Popular mobilisation efforts by figures such as Cesar Chavez and Martin Luther King Jr. put in motion mechanisms that have resulted 
Hispanic and African American representation in Washington at an all-time high. To really have proportional representation in every sense of the word, Arab and Muslim Americans must mobilise politically, most importantly on 6 November.

Finally, if Washington is as diverse as the constituents it serves, the foundation of US democracy is stronger.

One study shows that greater diversity can lead to a lessening of bigotry like Islamophobia, which itself leads to 
greater intolerance of authoritarianism and militarism.

If the findings of this study are true, then greater Arab and Muslim representation can perhaps help curb President Trump's authoritarian tendencies and rein in US belligerency in the Arab and Muslim world (e.g.,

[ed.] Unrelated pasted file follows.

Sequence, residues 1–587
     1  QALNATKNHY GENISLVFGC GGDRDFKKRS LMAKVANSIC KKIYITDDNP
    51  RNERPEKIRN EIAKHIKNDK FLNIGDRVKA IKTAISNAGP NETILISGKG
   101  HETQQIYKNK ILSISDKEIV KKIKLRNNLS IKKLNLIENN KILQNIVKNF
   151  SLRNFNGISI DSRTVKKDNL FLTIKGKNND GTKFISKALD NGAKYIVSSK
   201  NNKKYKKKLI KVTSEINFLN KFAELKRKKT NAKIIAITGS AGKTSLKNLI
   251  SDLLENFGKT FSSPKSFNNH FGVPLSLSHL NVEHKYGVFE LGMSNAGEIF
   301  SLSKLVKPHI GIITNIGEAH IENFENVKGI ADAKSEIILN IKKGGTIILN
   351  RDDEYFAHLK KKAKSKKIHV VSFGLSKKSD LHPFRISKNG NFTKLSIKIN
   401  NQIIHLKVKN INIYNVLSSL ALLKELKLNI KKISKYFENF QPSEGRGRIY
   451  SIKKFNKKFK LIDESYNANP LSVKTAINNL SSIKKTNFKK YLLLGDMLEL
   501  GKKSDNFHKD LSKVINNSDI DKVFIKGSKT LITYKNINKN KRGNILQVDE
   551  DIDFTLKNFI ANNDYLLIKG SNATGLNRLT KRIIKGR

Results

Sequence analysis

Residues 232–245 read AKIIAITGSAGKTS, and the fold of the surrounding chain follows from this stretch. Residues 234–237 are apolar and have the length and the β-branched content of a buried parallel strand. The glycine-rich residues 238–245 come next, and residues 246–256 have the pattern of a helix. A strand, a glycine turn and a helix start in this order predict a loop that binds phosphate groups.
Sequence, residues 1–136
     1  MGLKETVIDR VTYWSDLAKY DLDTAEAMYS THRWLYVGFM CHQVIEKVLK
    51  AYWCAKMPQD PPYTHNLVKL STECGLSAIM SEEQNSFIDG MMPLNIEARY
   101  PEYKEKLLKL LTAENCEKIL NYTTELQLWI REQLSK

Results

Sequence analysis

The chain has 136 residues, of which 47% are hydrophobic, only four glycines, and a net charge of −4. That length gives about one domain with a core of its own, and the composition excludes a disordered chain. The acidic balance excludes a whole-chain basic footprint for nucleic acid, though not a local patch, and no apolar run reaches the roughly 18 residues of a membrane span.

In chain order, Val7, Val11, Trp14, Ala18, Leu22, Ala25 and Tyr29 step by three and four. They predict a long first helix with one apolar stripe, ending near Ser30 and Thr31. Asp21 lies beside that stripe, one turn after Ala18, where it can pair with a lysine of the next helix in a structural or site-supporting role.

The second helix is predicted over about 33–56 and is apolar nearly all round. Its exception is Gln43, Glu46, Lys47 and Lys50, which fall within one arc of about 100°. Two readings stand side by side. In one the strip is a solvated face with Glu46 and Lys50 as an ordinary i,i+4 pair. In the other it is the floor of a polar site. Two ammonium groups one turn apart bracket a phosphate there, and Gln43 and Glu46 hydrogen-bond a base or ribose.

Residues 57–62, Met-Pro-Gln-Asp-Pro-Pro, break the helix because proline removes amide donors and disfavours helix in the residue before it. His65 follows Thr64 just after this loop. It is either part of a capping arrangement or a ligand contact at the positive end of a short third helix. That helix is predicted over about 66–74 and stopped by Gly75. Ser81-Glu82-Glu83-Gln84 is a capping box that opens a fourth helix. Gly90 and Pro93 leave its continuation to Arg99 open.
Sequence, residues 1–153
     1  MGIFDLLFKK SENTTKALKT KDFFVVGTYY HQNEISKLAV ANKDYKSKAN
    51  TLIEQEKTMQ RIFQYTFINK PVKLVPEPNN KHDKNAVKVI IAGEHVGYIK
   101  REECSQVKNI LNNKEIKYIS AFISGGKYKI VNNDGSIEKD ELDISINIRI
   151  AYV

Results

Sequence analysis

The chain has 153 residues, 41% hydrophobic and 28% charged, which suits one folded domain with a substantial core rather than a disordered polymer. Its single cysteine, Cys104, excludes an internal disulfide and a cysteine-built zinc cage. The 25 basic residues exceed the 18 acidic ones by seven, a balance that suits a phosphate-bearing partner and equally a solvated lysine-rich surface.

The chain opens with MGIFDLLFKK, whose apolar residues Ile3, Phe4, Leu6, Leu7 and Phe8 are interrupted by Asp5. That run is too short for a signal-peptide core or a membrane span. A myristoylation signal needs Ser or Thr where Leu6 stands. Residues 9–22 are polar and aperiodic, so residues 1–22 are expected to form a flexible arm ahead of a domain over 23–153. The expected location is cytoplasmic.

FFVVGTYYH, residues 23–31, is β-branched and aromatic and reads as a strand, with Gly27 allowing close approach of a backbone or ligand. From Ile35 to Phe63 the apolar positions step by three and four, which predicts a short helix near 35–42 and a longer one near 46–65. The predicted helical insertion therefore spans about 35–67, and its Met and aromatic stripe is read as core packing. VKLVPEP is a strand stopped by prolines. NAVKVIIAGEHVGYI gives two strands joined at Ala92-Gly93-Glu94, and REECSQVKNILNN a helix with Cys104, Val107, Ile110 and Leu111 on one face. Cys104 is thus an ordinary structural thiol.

strikes on mosques in Syria, full-throated support for the brutal Saudi campaign in Yemen, etc.).

For minority communities in the United States, the 2018 midterm elections may truly be the most important of their lifetime. Arab and Muslim communities have the chance to stand up to President Trump and his sycophants in the Republican Party to pushback against the anti-Arab and anti-Muslim bigotry that seems to ooze from Washington.

Marcus Montgomery is a Junior Analyst for Congressional Affairs at Arab Center Washington DC.

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Opinions expressed in this article remain those of the author and do not necessarily represent those of The New Arab, al-Araby al-Jadeed, its editorial board or staff.